“When will it end?” The Yardbirds – I keep hearing this refrain from Over Under Sideways Down in my head, every time I reach for another tissue and blow my nose.  It’s one of many songs we listened to in the car on this tour that keeps ricocheting around my head, that and A Salty Dog by Procul Harum and Mickey Jupp’s Moonshine, this is so us, geeking out to classic rock while the moon rises over a field next to a road between two towns. It wouldn’t have been the same, doing these shows without Eric. I remember whenever I sing Do You Remember That or Don’t Ever Change how lucky I am to have him.

(thanks to Daisy Wake for the clip from The Apple Tree in London)

“If you’re looking for a nice white wine, that one there is really good.” Umm… Blossom Hill? A woman in a knit hat with a smiling face is, shockingly, speaking to me in the supermarket.( A thing I really miss about the northeast US when I’m in the UK is a general open, easy manner I take for granted. I said “isn’t it a beautiful day?” to a man sitting with his dog outside a cafe in Norfolk the other day and he recoiled like the Wicked Witch of the West having water thrown on him – how dare I let my cheeriness invade his private surly territory?  But I understand, it’s a small island.) I’m so shocked that a stranger is talking to me in a store that I say nothing and the woman with the knit hat says it again. “Really nice flavor.” “Are you American?” I ask. “No, Canadian – but that doesn’t mean I don’t know good wine.”

Eric and I stand in The Mobility Shop, looking at wheelchairs to see if there’s some secret to finding the brake lock since we have yet to locate it on his mother’s version which led to her and I descending into a heap on the sidewalk outside a beauty parlor while a young stylist just inside the door looked on in horror. We’re taking his mother back to the beauty shop tomorrow.

“We’ve got competition,” Eric says under his breath in the cafe when a woman tries to hold the door open with one hand while pushing her mother’s wheelchair in with the other, knocking over stools and a sheepskin-strewn armchair along the way. We greedily down our coffees and try not to eavesdrop on the “Would you like cheese on toast? Or a lovely cup of tea?” conversation we had in the exact same spot ourselves yesterday. We’re on our own today. It’s like when you buy a new make of car and never noticed how many Subarus there were on the road before – how many, how many friends, family, strangers dealing with their own mom or dad in a wheelchair, in a care home; dementia, Alzheimer’s, illness or just plain old age. I feel so fortunate my dad has his wife and they keep spry and healthy, and I have four brothers too and their families, and my daughter. My mother’s been gone so many years it’s like Eric’s mother is my honorary one. I admire her wit and spirit and it’s wonderful to hear her say “You and Eric are a really good team”. I can’t bear the thought of her shoved in a corner somewhere.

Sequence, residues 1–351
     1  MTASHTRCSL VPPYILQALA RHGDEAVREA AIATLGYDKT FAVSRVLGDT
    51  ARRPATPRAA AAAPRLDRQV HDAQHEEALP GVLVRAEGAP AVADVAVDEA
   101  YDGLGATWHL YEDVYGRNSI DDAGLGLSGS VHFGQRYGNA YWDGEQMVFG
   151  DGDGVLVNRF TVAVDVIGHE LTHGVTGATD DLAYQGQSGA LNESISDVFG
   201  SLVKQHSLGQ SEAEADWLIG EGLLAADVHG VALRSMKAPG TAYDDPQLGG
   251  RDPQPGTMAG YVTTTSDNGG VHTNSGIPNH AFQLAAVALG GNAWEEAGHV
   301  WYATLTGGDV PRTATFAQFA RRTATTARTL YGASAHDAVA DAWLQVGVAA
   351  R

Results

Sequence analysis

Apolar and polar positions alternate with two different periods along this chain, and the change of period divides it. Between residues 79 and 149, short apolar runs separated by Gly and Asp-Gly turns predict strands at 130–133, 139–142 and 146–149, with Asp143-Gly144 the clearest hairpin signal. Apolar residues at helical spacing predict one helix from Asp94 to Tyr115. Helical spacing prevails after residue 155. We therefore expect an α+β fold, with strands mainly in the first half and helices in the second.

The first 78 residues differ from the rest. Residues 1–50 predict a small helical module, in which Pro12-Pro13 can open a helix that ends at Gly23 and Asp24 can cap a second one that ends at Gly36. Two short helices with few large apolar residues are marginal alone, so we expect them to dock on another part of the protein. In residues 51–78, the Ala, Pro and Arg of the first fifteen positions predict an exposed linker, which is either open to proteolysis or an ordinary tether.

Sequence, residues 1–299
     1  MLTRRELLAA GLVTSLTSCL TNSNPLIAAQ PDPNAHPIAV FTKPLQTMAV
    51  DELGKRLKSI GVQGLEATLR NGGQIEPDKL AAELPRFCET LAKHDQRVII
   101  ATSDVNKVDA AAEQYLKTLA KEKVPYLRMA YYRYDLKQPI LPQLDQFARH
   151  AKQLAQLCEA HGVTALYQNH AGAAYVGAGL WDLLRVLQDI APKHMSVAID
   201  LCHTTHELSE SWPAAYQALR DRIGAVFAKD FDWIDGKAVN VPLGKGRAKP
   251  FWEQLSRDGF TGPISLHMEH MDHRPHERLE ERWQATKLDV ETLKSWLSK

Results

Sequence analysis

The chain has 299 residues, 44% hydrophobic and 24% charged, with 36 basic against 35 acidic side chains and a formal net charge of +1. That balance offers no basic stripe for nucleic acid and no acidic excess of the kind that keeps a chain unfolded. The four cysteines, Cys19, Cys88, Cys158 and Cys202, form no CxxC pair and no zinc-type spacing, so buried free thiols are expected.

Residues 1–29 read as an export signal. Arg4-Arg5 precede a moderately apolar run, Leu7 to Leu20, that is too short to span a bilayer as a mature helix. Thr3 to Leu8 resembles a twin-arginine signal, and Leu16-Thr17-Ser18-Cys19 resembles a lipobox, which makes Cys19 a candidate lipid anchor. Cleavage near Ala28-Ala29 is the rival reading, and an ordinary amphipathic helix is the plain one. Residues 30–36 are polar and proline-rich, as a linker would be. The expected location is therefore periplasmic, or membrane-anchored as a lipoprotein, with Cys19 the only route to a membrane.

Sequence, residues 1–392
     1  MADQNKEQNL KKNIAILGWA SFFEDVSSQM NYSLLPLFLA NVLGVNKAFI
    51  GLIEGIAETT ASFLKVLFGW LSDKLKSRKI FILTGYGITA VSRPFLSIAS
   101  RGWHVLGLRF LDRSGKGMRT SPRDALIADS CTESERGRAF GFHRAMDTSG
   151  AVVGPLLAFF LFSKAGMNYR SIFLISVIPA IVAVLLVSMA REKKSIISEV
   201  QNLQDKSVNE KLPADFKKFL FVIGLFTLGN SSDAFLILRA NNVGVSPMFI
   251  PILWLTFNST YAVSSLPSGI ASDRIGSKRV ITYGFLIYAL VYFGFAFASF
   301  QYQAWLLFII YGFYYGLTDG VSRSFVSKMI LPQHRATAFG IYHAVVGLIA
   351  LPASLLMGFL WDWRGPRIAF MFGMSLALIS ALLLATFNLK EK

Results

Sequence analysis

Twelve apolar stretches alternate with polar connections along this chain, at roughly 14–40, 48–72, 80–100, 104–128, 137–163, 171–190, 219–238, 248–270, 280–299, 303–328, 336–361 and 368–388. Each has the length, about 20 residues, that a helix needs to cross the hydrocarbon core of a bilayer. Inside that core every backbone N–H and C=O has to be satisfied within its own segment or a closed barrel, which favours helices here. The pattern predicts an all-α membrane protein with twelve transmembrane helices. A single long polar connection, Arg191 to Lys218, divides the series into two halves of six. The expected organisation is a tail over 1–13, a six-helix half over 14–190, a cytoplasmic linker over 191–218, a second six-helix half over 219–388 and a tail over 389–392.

When I want to fall back asleep every night after I wake up due to this damned cold I restrain myself from opening my computer to see if something new and bad happened in the world and think back on the gigs I’ve played over here , how they add up to many happy moments and it helps to remember these things are still possible; joy is still possible.

Eric’s daughter and grandkids are coming by.

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I find myself looking up the Catskill Price Chopper supermarket’s Christmas weekend hours – we must be going home.

Wishing everybody peace, love, joy and hope in some form (and clear heads, throats and sinuses)  over the holidays and in the New Year.

The Alien

“Have you been to England before?” a customer back at the bar in New York had asked, when I told him I was leaving for a trip to the UK.

“I’ve been going since I was nineteen,” I said, unable to sum up my relationship with the place in one sentence. An odd mixture of awe, intrigue and comfort.

After all these years, when I am in Britain – without having to think about it too hard, like a photo of your own face in a mirror – I am still a stranger in a strange land.